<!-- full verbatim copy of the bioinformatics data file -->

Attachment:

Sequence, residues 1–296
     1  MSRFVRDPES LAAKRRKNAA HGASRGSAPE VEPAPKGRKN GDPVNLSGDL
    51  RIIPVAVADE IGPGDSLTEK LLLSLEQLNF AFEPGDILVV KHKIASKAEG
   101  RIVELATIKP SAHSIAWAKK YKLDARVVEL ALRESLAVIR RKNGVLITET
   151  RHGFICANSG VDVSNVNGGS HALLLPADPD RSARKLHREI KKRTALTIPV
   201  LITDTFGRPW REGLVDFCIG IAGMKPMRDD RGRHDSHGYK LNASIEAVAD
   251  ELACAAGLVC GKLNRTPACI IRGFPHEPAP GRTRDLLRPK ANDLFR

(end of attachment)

Sequence, residues 1–296
     1  MSRFVRDPES LAAKRRKNAA HGASRGSAPE VEPAPKGRKN GDPVNLSGDL
    51  RIIPVAVADE IGPGDSLTEK LLLSLEQLNF AFEPGDILVV KHKIASKAEG
   101  RIVELATIKP SAHSIAWAKK YKLDARVVEL ALRESLAVIR RKNGVLITET
   151  RHGFICANSG VDVSNVNGGS HALLLPADPD RSARKLHREI KKRTALTIPV
   201  LITDTFGRPW REGLVDFCIG IAGMKPMRDD RGRHDSHGYK LNASIEAVAD
   251  ELACAAGLVC GKLNRTPACI IRGFPHEPAP GRTRDLLRPK ANDLFR